3. Clause 4(i)(c) of CARO, 2003 requires the auditor to comment, in case where a substantial part of the fixed assets has been disposed off during the year, whether such disposal has affected the going concern status of the company. The auditor, in the normal course, when planning and performing audit procedures and in evaluating the results thereof, is required to consider the appropriateness of the going concern assumption underlying the preparation of financial statements in accordance with the requirements of Auditing and Assurance Standard (AAS) 16, “Going Concern”. As a result of such audit procedures and evaluation, if the auditor is of the opinion that there exists any indication of risk that the going concern assumption might not be
appropriate, the auditor should gather sufficient appropriate audit evidence to resolve, to his satisfaction, the question regarding the company’s ability to continue operations for the foreseeable future. It may be noted that the sale of substantial part of fixed assets is one of the several such indications of risk. This clause of the Order pre-supposes the existence of such risk and, therefore, requires the auditor to examine whether the company has disposed off substantial part of fixed asset(s) during the period covered by his report and, if yes, whether the disposal of such part of the fixed assets has affected the going concern status of company. It should also be noted that this requirement of the Order does not absolve the auditor from his responsibilities
regarding the appropriateness of the going concern assumption as a basis for preparation of financial statements. Since there could be several other indications of such a risk, the auditor, notwithstanding his comments under the clause, should also comply with the requirements of AAS 16, “Going Concern” while discharging his attest function.
Sale of substantial part of fixed assets should be construed to have affected the going concern if the auditor is not able to resolve, to his satisfaction, the question regarding the entity’s ability to continue in operation for the foreseeable future keeping in view the sale of substantial part of fixed assets or if the auditor comes to a conclusion that sale of substantial part of fixed assets has rendered the going concern assumption inappropriate. The Order does not define the word “substantial”. The response to the issue as to what constitutes “substantial part of fixed assets” depends primarily upon the facts and
circumstances of each case. The auditor should use his professional judgement to determine whether an asset or group of assets sold by the company is a substantial part of fixed assets. In this case, the auditor may note that section 293(1)(a) of the Act deals with the sale, lease or otherwise disposal of the whole or substantially the whole, of the undertaking of the company. It may be noted that such a situation may not necessarily tantamount to sale of substantial part of the fixed assets of the company. However, such an approval of the shareholders might be an indication that the company has sold or has the intention of selling substantial part of its fixed assets. The audit procedures, in such a case, would also include examination of the minutes of the general meeting(s) where the matter was discussed and the resolution passed by the shareholders in this regard. The auditor should carry out audit procedures to gather sufficient appropriate audit evidence to satisfy himself that the company shall be able to continue as a going concern for the foreseeable future despite the sale of substantial part of fixed assets. These procedures may include:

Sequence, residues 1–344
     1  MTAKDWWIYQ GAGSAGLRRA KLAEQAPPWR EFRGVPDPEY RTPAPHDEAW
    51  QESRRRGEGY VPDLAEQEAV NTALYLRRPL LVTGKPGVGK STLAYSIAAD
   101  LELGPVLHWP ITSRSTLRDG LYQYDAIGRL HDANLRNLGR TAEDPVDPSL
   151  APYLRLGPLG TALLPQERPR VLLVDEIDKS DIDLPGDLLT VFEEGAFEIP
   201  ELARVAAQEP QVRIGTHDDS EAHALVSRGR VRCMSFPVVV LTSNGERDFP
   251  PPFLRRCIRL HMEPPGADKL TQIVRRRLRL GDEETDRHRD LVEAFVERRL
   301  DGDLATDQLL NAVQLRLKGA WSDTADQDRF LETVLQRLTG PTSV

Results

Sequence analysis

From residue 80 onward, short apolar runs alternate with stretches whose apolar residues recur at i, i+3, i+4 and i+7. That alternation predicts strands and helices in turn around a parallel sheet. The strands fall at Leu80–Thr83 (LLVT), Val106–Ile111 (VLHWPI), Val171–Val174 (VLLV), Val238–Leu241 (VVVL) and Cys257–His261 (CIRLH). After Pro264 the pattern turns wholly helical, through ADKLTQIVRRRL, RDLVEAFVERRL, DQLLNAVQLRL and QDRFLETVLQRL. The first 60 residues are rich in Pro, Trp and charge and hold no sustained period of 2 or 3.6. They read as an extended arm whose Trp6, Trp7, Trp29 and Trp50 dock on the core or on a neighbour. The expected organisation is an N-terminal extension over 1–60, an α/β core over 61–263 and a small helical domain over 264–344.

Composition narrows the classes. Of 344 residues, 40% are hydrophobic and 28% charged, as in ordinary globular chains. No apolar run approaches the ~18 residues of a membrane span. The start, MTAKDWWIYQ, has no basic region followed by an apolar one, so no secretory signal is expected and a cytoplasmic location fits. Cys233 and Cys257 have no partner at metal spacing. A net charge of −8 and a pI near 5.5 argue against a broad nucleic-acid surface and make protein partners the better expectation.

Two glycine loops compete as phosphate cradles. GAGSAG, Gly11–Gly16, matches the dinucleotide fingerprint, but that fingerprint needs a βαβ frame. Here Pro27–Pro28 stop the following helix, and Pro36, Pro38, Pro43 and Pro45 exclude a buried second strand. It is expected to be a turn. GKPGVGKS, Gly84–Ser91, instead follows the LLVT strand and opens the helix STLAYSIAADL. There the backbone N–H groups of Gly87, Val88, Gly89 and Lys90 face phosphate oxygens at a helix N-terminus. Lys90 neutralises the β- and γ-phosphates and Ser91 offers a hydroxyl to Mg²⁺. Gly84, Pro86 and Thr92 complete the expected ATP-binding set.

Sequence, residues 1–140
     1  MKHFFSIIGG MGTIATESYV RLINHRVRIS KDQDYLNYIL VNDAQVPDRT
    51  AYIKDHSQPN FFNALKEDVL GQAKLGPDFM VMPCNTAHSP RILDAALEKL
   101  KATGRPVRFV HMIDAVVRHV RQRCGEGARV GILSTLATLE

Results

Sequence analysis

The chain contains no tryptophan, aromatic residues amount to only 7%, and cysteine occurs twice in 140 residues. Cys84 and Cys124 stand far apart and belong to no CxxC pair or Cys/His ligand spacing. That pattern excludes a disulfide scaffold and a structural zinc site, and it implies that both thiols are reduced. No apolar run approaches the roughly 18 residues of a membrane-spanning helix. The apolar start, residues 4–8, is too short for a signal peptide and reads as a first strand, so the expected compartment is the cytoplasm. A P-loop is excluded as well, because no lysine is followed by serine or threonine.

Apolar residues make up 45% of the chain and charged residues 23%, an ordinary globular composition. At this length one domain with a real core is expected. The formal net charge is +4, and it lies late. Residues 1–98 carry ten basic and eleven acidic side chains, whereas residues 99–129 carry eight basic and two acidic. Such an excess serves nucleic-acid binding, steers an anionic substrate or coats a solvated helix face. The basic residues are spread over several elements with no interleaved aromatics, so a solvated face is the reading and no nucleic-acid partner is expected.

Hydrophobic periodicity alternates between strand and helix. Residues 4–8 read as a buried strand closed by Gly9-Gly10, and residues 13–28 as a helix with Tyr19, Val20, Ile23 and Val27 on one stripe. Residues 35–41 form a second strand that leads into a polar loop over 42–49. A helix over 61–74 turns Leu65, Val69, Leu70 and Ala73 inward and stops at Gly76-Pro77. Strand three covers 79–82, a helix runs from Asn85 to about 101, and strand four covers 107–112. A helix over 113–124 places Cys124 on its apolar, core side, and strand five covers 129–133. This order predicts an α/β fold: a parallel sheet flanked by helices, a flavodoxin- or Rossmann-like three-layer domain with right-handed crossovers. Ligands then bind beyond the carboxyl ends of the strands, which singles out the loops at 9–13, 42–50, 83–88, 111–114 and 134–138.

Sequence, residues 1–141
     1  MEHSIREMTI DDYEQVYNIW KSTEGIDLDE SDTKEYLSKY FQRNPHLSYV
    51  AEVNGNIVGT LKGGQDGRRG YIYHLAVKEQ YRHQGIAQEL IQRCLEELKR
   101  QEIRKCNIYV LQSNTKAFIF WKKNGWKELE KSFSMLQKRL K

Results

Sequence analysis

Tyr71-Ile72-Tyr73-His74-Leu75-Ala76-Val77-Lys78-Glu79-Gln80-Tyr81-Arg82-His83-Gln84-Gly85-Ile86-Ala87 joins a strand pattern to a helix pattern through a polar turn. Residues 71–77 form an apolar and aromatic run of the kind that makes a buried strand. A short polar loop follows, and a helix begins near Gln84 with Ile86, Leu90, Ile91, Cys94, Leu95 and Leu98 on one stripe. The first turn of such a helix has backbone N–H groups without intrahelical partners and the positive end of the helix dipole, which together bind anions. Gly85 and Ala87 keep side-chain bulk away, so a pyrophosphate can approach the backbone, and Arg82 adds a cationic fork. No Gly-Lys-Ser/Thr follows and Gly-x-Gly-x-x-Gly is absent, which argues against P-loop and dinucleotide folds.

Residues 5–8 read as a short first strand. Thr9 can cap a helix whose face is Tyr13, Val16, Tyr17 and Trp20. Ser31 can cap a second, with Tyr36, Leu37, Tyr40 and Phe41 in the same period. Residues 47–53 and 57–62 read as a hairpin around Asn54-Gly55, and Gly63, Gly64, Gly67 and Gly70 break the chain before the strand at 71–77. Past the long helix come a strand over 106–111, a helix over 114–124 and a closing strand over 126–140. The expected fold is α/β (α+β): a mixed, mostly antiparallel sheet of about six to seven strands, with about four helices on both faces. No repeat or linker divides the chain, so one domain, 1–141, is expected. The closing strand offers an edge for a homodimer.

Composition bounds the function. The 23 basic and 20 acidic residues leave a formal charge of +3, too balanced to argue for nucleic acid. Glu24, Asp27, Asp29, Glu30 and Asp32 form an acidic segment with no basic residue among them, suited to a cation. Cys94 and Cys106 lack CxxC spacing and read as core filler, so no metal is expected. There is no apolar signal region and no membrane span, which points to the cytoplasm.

- discussion with the management and analysis as to the significance of the fixed asset to the company as a whole;
- scrutiny of the minutes of the meetings of the board of directors and important committees for understanding the entity’s business plans for the future (for example, replacement of the substantial part of the fixed asset disposed off with another fixed asset having more capacity or for taking up a more profitable line of business);
- review of events after the balance sheet date for analysing the effect of such disposal of substantial part of fixed asset on the going concern.
The auditor should also obtain sufficient appropriate audit evidence that the plans of the management are feasible, are likely to be implemented and that the outcome of these plans would improve the situation. The auditor should also seek written representation from the management in this regard. Where the company has disposed off substantial part of fixed assets, the auditor should consider whether the disposal of such part of fixed assets has triggered the risk of going concern assumption being no longer appropriate. It is possible that such risk is mitigated by factors such as those referred to in (f)(ii) above. If, in the auditor’s judgement, the going concern assumption is appropriate because of mitigating factors, in particular because of management’s plans for future action, the auditor, apart from reporting that sale of substantial part of fixed assets has not affected the going concern, should also consider whether such plans or other factors need to be disclosed in the financial statements. Where the auditor concludes that such plans or other factors need to be disclosed in the financial statements, but have not been adequately disclosed in the financial statements, the auditor should express a qualified or adverse opinion, as appropriate in accordance with the requirements of Auditing and Assurance Standard (AAS) 28, “The Auditor’s Report on Financial Statements”, issued by the Institute of Chartered Accountants of India.